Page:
Surface enhanced Raman scattering effect and plasmonic properties of metal nanobowls
Date of Issue2010
School of Physical and Mathematical Sciences
Plasmonics is a rapidly emerging subdiscipline of nanophotonics that studies the interaction between the light and metal particles at the nanometer scale, based on the properties of both bounded/localized and radiative/propagating surface plasmon. Its deep penetration into multidisciplinary subjects makes its application widely range from surface enhanced Raman spectroscopy (SERS) for biomolecule and biological agents identification, detection and sensing, near-field optics and tip-enhanced Raman spectroscopy to electromagnetic propagation with metal-based plasmonic waveguides. In this thesis, we used pulsed laser deposition technique combined with nanosphere lithography method to fabricate the metal nanobowl structure. This method is able to accurately control several key parameters that can tune plasmonic properties of the nanobowl structure. These parameters include material species, bowl size, bowl wall thickness as well as interspacing between nearest nanobowls. This method is also flexible to fabricate multilayered nanobowls by depositing alternate target materials on polystyrene sphere arrays. The flexibility and advances of the fabrication method provide us a chance to systematically study plasmonic properties of nanobowl structure.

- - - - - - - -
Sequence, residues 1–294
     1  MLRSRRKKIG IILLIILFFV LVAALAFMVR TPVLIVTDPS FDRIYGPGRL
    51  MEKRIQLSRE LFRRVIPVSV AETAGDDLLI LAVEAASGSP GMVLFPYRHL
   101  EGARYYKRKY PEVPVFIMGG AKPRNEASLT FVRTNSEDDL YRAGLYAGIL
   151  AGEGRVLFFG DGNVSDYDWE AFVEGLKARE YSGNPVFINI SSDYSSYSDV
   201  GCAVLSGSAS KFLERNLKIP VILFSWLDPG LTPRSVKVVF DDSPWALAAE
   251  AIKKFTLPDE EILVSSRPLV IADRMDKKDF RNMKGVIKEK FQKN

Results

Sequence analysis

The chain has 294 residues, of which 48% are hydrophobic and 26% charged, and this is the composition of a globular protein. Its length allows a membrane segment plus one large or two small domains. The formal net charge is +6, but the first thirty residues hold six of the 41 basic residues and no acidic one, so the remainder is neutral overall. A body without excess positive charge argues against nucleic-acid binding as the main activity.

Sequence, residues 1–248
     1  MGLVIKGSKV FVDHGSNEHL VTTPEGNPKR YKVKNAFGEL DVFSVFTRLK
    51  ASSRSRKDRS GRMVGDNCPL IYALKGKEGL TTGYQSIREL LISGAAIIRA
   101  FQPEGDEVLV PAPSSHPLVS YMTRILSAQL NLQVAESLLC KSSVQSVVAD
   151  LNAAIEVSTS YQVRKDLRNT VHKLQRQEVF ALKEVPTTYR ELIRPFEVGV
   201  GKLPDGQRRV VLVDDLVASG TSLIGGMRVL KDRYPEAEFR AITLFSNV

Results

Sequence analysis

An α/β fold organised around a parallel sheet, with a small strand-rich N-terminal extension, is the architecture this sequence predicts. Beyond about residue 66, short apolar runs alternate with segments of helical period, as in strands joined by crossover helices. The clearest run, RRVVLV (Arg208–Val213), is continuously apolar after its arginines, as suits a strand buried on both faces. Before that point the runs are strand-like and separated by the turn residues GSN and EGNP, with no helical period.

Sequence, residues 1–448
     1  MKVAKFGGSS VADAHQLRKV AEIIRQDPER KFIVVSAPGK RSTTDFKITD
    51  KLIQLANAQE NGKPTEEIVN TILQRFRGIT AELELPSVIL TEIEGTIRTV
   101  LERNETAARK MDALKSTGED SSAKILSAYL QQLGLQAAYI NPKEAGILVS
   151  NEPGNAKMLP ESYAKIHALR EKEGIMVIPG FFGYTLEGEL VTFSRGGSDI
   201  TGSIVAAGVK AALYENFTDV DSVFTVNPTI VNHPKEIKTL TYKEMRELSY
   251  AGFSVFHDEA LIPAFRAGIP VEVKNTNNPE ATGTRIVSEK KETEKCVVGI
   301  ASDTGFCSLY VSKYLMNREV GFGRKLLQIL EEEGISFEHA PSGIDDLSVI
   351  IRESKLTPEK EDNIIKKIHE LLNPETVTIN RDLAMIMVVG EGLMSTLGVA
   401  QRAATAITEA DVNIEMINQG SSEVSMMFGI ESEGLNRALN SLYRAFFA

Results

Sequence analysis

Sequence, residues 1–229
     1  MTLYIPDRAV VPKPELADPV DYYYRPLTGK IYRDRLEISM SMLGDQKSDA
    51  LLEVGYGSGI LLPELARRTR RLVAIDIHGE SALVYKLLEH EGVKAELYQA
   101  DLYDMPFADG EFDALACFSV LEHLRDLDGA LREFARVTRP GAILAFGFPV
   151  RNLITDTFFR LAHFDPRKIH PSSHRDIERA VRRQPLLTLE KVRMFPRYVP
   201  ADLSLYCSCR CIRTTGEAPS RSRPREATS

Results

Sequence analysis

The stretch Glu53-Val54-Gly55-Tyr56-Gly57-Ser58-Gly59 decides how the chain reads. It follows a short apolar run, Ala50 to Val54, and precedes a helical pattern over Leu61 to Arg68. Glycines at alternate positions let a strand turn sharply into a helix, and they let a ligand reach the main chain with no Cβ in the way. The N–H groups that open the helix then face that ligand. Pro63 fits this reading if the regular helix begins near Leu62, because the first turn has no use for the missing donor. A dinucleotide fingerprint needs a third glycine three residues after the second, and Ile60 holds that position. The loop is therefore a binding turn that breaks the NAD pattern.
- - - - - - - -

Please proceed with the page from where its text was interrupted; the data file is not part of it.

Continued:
DRNTU::Science::Physics::Optics and light